January 2010

Whenever I’m lucky enough to spend some time outside, without having to rush somewhere, I try to focus my mind on the natural world around me.  After I learned to spin and weave, I began to notice how the colors of nature, even in winter, would be perfect color design combinations in fiber projects. For example, look at the photo my son took while hiking in one of the Cleveland Metroparks.

  First of all, I’m amazed that these small plants can remain green in the middle of winter in Northeast Ohio.  But on further inspection, I’m struck by the colors that work so beautifully together.  There’s green, a reddish brown, dark brown and light tan all of which would look terrific together woven in wool; maybe for a wool coat.

Driving back and forth to his college in Northwest Ohio, I was constantly amazed at the colors of the plants just off the roadside or the stumps of crops in the farmers field.  Winter still delights with color even if it’s subdued.

And then there are the design possibilities.  This abstract makes me think of Native American designs.

I’m not a tapestry weaver, but I think that would be the appropriate technique in this case.

As I rush from one appointment to another, day to day, I am thankful that the time I spend spinning and weaving slows me down long enough to notice the quieter details of life.  They are right outside my window, somewhere in my hometown, or along the roadsides I travel.  What a beautiful, colorful gift.

Double Weave Pick-Up Mug Rugs

Last Fall I purchased an 8-shaft table loom so I could weave small projects and have a portable loom to transport to workshops.  Fortunately I discovered a used Mountain Loom on eBay and won the auction.  In preparation for an upcoming workshop on painted warps this Spring, I thought it would be wise to understand the loom by trying a small project from a Weaver’s Craft magazine I purchased a few years ago.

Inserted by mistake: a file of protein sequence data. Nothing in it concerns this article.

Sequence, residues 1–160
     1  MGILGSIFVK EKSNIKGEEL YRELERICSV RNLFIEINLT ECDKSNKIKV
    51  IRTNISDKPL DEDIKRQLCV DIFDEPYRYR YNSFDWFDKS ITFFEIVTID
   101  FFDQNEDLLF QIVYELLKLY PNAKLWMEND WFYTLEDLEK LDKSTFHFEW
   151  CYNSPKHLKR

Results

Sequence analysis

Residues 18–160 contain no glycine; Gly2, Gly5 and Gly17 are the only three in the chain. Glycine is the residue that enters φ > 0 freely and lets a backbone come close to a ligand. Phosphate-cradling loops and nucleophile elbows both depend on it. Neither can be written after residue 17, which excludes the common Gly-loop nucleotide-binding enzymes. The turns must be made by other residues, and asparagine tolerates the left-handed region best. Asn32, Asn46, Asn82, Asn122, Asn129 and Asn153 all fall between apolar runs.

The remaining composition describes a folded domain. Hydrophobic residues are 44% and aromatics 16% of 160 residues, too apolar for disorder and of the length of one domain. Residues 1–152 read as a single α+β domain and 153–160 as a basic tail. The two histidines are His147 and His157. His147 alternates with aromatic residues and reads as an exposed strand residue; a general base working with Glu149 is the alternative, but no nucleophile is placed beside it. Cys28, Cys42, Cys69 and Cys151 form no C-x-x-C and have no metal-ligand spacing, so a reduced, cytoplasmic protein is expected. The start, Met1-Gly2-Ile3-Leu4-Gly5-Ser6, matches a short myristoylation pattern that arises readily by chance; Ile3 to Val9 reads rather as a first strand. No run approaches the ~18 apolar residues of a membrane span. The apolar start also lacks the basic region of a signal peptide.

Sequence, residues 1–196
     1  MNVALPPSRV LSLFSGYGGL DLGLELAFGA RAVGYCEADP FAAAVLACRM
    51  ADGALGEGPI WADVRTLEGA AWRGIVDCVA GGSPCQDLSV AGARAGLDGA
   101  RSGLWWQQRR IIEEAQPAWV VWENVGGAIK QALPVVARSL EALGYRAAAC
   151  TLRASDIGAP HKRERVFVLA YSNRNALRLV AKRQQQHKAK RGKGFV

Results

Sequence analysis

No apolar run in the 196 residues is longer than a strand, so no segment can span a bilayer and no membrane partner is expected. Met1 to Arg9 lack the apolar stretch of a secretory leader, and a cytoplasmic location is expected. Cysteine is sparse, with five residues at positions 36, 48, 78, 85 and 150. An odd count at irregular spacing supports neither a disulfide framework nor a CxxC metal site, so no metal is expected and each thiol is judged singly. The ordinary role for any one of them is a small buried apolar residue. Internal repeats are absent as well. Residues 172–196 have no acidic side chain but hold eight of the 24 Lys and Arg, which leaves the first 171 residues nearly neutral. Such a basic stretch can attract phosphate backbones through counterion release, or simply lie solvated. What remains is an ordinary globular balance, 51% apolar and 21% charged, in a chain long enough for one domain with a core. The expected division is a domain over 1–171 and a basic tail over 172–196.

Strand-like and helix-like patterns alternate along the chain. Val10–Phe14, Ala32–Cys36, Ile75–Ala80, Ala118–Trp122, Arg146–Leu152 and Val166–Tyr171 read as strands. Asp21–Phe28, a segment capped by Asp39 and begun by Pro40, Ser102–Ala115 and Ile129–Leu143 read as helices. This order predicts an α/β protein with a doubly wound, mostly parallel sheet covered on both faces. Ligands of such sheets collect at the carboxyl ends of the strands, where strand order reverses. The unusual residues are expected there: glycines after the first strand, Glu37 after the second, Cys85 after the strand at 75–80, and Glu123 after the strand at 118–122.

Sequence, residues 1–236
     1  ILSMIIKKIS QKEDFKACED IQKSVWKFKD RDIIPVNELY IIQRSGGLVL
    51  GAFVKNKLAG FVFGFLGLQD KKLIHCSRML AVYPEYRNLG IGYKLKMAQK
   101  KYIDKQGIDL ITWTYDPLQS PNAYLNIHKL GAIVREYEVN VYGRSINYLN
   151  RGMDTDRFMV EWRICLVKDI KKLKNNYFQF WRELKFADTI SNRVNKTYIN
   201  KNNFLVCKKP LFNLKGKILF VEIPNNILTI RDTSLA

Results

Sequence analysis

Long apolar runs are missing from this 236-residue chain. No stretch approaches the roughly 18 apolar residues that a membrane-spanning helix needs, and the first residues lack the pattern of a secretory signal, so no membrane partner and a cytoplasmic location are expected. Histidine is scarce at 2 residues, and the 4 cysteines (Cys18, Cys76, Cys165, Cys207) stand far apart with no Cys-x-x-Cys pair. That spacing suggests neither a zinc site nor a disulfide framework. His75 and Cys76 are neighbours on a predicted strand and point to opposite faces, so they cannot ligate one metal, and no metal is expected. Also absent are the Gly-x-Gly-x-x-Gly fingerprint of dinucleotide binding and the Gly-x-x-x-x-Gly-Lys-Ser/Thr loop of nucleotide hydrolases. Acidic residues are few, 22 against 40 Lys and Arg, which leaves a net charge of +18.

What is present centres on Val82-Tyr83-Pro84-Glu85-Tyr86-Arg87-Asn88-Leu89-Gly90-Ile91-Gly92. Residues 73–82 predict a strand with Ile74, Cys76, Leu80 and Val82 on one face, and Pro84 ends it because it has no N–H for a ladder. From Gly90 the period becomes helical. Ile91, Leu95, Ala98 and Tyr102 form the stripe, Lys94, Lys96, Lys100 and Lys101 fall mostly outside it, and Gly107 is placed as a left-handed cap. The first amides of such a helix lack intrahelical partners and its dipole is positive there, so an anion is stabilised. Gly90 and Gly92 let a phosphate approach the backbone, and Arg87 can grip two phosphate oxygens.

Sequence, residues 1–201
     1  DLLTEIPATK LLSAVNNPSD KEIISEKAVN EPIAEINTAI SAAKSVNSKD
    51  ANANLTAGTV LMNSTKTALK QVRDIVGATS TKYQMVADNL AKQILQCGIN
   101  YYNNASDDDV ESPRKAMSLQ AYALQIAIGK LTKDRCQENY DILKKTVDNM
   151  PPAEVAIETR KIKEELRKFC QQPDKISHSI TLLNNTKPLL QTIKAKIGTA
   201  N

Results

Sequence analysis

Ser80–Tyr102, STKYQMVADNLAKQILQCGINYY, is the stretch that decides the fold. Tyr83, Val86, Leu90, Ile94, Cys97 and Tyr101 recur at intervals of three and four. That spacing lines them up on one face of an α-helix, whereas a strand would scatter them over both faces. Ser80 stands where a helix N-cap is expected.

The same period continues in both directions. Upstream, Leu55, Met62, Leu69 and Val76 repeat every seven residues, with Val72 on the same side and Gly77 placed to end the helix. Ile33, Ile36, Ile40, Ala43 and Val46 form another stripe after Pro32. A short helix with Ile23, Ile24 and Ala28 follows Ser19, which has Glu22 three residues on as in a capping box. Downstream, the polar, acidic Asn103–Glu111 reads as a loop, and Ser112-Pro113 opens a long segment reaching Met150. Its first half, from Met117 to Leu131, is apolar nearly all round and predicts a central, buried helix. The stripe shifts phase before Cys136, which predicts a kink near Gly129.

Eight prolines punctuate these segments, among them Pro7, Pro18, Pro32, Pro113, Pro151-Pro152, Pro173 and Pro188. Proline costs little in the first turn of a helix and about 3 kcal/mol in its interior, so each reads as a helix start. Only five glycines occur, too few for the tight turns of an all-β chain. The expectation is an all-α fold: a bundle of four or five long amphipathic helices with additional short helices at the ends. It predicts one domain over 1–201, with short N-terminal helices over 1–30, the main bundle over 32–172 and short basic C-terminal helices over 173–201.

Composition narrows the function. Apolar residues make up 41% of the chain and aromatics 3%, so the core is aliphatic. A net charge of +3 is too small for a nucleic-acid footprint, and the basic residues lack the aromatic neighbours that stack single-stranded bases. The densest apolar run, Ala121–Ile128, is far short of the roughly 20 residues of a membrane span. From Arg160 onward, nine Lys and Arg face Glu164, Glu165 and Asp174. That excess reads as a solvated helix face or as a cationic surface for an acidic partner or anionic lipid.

These double-weave pick-up mug rugs ended up being fairly challenging.  First of all I had never tried double weave and the pick-up part of it was pretty confusing.  After reading and re-reading the article numerous times, I dove in and promptly screwed up the first two mug rugs.  But eventually, the logic sunk in and I prevailed.  The results are three sufficiently lovely mug rugs which have an inverted pattern on each side.

These designs were included in the magazine.  Now I think I’ll trying graphing out my own designs with different colors and themes.

My husband is the oldest of six children, so lucky for me, he grew up with many skills–cleaning the house, fixing numerous household gadgets, diapering his little sister all those years ago, AND some pretty decent talent in the kitchen.  While I do most of the day to day cooking for our family, he has moments of great kitchen inspiration.  Lately it’s been bread.